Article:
Almost done... 
With all the cut-paper in place, I went in with my additions—lots of dark red and navy blue, and some pastel pink, blue, and yellow. To these I added torn sheet music in white and off-white.

The result after my first session of work was a rather chaotic and disjointed beginning. I was eager to bring in more paper, some paint, and other materials to start turning this into a cohesive image that looked like it all belonged together! I love that about collage—the process of taking all these separate pieces and combining them into one beautiful image.

Check out that modeling paste in action!
I had been learning a lot about accessibility in art and design, especially tactile art, and wanted to make something super-textural, so I bought a big tube of modeling paste, a painting material that's sort of paint-meets-clay. It's thick and holds whatever shape or texture give it, so it was perfect for painting over the flower petals and stalks so that the flowers were literally stand out from the canvas. It was my goal that if a blind person were to touch the collage, they could identify the flower shapes. 

My final challenge was figuring out what Silhouette Girl would be doing.

In keeping with the accessibility of the tactile flowers, I also wanted a nod to my beloved Deaf community. I considered different signs she could be making... protect, peace, hope, kindness...

The brainstorm Post-its I made while at work...
Of course, it's impossible to capture most signs in a single image. Sign language is about movement! But there are a few signs that can be captured in a still. The well-known "I love you" handshape is one of them. "Shelter" is another. The sign is made by holding one hand flat and moving your other hand downward from your mouth to "take shelter" under the flat hand. 

So I painted Silhouette Girl signing "shelter" above her head, loud and proud, defending the innocent bunnies at her feet from the big, turbulent, bad world around them. 

Maybe I was also a bit inspired by the shelter-in-place orders beginning to take effect around the world, as Covid-19 swept through and totally altered life as we know it. We all wished for some sort of shelter safe from the virus, the chaos, and the uncertainty. A shelter fully stocked with toilet paper, of course. A shelter from the social and political unrest, the police brutality, the misinformation and selfishness.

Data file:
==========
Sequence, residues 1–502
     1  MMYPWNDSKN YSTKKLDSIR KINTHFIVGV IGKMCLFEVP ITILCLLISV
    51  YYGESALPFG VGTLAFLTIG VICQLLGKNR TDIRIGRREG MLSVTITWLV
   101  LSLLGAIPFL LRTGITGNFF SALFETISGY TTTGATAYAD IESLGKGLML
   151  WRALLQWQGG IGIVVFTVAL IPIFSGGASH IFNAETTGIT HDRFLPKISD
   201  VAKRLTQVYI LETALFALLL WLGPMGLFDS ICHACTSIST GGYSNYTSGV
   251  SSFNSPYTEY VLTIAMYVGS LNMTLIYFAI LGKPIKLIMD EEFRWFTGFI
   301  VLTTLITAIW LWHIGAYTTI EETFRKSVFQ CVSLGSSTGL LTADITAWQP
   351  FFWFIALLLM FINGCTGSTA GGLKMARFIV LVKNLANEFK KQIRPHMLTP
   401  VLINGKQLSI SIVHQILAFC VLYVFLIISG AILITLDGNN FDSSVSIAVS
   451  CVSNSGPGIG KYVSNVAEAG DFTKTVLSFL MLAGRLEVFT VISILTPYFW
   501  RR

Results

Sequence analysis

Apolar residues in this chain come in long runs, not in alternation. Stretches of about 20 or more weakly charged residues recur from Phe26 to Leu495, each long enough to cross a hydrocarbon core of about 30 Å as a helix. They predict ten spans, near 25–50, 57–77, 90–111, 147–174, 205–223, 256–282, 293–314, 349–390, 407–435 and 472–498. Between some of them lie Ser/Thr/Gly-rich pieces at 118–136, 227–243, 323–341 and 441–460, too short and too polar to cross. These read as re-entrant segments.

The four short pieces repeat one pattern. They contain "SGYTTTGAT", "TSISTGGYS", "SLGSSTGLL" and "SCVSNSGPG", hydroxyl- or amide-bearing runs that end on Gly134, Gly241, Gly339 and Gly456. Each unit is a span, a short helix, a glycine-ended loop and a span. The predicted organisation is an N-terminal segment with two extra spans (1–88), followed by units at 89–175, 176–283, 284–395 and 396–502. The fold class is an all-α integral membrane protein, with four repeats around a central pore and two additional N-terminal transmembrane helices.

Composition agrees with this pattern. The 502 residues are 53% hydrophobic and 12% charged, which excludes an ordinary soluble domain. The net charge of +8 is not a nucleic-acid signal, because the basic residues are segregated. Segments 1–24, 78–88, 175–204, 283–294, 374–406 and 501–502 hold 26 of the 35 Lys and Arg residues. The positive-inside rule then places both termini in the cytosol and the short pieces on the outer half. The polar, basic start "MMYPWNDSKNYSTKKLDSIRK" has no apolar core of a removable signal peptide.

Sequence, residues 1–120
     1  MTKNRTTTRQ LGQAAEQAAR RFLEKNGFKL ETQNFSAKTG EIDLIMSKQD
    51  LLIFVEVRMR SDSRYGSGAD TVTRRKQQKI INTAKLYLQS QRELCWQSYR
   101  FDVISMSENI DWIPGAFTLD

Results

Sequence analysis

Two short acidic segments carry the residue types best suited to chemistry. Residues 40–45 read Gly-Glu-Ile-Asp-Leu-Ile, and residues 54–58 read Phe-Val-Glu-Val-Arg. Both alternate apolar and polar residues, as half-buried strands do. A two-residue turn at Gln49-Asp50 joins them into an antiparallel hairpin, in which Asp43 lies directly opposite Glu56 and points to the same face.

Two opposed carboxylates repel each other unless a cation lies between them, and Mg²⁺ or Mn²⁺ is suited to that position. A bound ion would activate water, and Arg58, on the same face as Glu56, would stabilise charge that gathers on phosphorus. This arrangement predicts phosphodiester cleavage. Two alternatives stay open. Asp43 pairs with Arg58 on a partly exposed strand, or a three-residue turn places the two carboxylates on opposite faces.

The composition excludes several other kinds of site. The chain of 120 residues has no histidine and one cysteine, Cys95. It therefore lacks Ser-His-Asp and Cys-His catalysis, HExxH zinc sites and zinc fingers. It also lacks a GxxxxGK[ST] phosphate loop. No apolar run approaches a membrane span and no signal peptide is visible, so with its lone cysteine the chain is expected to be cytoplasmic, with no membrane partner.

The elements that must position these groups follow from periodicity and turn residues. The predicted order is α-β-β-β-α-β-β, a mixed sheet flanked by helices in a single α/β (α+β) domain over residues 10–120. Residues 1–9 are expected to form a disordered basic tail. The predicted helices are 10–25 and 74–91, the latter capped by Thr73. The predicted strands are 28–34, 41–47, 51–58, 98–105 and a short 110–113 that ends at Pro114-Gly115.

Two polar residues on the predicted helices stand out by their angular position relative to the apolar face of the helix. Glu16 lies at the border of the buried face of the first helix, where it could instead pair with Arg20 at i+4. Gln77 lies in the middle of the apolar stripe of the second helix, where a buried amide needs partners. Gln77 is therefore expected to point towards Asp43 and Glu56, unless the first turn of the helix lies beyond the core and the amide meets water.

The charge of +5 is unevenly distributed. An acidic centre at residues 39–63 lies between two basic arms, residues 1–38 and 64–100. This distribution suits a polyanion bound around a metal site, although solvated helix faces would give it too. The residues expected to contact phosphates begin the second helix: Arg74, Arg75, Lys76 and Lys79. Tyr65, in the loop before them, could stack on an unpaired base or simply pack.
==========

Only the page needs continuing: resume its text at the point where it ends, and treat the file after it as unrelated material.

The final collage is hanging on the wall by my dining table. It was the first piece I hung in my apartment. I want this collage, with its themes of kindness, innocence, and shelter from the world's brutality, accessible and welcoming to all, to set the tone for my daily life. Of course I mess up... I'm often unkind, brusque, or unwelcoming. I yell at other drivers and get annoyed with my siblings and get impatient with my husband. But this collage has become my prayer and my goal. I hope it becomes your goal, as well. 



  1. I love bunnies. I love shelter. Thanks for posting. This helps me believe that I am not alone in needing kindness and peace in the middle of a storm.

    1. You're definitely not alone in that! Thanks for reading, and I hope you continue to find peace and encouragement through these times!

  2. I'm so happy to see that Silhouette Girl is alive and well! Thank you for describing your process and how each part contributed to the final product. I look forward to seeing this collage with its layers, colors and textures!

  3. Thank you! No worries, Silhouette Girl will still be around for a long time. I sometimes wonder if describing the process is a little too much, so I'm glad you enjoyed that!